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Look Ma, No Shoes

Look Ma, No Shoes

LOOK AT WHAT MY JERKWAD HORSE DID ON TUESDAY.

I’ve been trying to turn him out more often lately. The barn just restructured their monthly turnout service (more reliable and you pay a flat fee instead of per turnout) and I want to be able to take advantage of it, but Raglan’s got a habit of trying to giant-horse-smash his handler on the way to the paddocks. We’ve been working on his manners. Lately I’d almost even call him “civil”, if not “polite”.

In case you missed it, Raglan’s not a normal pony. When I first got him my farrier pulled his (weird, square-toed, set back) shoes off and he immediately went lame. We put regular shoes on him and he was still lame. Eventually we narrowed it down to a sole sensitivity problem, so Raglan’s been happily rocking bright yellow No Vibe pads on his front feet for close to a year now without any troubles.

Pics from last September, the first time we put the No Vibe pads on

A couple of shoeing cycles ago my farrier thought we might be able to take the No Vibe pads out of the equation. I wasn’t so sure about it, though, and since they’re only an extra $30 I decided to err on the side of caution and keep them on. I liked knowing that he could strut across the gravel without having to worry about any ouchiness, that no matter what he walked over he was going to be A-okay.

Taking a grass break while our farrier works on another horse in the background

But when he came in from turnout on Tuesday with one front shoe missing and the other one hanging on by half of its nails, my farrier and TrainerM both agreed: pull the shoe, ride him anyways, see if he complains. Raglan’s thoughts on his missing pads/shoes setup? He DGAF.

TALL RIDER = ACTIVATE FIRE-BREATHING DRAGON MODE

Yesterday we had a fantastic ride. Raglan was feeling fresh, but he was in such a good mood that it was easy to channel all of his energy into positive outlets. I made some adjustments to his canter, practiced my two point, and worked on using my core more through canter to halt transitions. With the help of a few words of advice from TrainerA, we even managed to do another clean lead change!

And then I took him back to the barn and started to untack him and found THIS.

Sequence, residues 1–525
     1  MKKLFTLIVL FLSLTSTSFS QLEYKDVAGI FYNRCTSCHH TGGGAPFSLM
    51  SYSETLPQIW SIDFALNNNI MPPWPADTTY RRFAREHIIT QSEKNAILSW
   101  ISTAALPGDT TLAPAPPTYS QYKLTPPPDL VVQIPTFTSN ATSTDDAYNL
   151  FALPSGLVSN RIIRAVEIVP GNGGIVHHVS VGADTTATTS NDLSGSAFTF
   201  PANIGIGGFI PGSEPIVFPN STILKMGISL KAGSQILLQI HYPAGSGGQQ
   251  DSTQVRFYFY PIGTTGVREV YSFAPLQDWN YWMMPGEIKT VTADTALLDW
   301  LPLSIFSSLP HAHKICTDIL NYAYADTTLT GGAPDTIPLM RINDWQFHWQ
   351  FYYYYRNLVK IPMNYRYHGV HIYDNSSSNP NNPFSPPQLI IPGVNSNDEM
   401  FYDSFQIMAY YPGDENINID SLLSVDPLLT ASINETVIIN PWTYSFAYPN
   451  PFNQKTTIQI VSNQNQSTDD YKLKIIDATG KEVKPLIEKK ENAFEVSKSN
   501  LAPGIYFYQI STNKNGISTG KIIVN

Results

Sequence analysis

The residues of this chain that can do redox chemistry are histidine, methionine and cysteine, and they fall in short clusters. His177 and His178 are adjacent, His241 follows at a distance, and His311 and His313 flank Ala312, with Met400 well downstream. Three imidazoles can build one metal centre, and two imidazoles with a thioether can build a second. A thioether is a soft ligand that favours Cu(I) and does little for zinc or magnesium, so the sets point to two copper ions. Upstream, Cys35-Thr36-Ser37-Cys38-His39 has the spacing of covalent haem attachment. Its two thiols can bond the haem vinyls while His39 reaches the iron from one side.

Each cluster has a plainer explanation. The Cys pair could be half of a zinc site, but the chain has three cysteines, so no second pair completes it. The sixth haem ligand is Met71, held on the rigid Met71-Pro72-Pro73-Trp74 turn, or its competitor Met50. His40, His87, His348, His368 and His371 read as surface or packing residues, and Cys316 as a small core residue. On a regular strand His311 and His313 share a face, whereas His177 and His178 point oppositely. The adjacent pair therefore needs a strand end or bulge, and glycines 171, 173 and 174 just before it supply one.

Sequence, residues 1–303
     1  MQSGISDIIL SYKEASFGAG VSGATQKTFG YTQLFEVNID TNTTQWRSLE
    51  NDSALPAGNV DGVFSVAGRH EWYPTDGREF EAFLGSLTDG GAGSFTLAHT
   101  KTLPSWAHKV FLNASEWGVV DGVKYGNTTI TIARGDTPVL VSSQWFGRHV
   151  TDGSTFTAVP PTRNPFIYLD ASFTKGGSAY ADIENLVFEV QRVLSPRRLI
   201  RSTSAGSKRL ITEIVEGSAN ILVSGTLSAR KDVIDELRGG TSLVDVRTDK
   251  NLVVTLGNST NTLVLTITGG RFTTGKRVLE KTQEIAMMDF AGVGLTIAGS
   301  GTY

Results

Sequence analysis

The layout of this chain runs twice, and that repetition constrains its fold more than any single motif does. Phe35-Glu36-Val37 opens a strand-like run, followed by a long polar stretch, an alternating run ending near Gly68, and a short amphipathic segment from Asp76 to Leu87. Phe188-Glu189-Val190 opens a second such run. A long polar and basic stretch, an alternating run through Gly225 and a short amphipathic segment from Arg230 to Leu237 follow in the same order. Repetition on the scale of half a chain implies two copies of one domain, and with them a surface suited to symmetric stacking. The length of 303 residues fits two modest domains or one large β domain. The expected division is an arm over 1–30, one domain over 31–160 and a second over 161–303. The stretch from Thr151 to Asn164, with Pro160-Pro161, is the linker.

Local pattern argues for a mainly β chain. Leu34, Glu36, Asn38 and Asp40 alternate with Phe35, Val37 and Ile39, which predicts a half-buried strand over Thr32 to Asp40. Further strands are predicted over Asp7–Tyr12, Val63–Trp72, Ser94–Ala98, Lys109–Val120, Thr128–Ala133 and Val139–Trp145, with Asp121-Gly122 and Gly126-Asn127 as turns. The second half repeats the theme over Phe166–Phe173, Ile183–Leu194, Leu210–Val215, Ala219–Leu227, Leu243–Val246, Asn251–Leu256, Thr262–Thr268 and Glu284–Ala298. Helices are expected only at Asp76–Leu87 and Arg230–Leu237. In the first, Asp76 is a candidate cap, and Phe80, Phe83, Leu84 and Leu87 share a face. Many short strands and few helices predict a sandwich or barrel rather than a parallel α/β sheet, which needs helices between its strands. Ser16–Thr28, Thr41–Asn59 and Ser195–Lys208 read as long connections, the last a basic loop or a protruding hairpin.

HA HA HA HA HA HA HA HA HA HA HA HA HA HA HA HA HA HA HA HA HA HA HA HA HA HA HA HA HA HA HA HA HA HA HA HA HAβ€”R U SERIOUS RIGHT NOW?

I stared at the crack for all of thirty seconds, then put my horse back in his stall and didn’t look at him again until I came to get him for his farrier appointment. #ASHAMED

The farrier’s verdict? Since he wasn’t showing signs of lameness without his shoes, we decided to leave the No Vibe pads out of the equation for now. We can always bring them back into the picture if his soles get sore again, but with any luck he should stay sound without them. He was also able to cut most of the crack off, nail on his shoes, and then file out the rest of it. I forgot to take pics, but his feet are back to looking πŸ‘Œ

ALSO THIS LITTLE VOLE WANDERED UNDER RAGLAN WHILE WE WERE SHOEING SO WE PAUSED SO THAT I COULD SCOOP HIM UP AND MOVE HIM BACK TO THE GRASS.

LOOK AT HOW CUTE HE IS, I CAN’T EVEN
Smoke Season

Smoke Season

The day after our trip down to Bridle Trails, the smoke rolled in. The west coast’s air quality has been bouncing back and forth from moderate to unhealthy for the last two weeks, but it seriously tanked on Monday. I haven’t done more than putz around bareback since our last lesson. 😭

I’m not a mushy person. A lot of people love to spend time just bonding with their horses, but that’s never been me. Sure, I like the quiet moments where Raglan plays outside in the field and I hunker down in the grass to read a good book, but when it comes down to it the reason I own a horse is so that I can ride. Not being able to rideβ€”to be working, training, developing, improvingβ€”is sucky.

Yesterday the rain came and shooed away some of the smoke. After four days of being cooped up, Raglan pretty much had a mental breakdown when I went to put his halter on. I managed to wrangle him into submission, then I threw him into the round pen and he ran and ran and ran.

When he was done being a whackadoodle I hosed him off, put a bareback pad on, and meandered around the arena in big stretchy trot serpentine loops while SundaeO worked on her pony’s jog. When I left work yesterday evening, I got my first look at a blue sky in… well, it’s been awhile.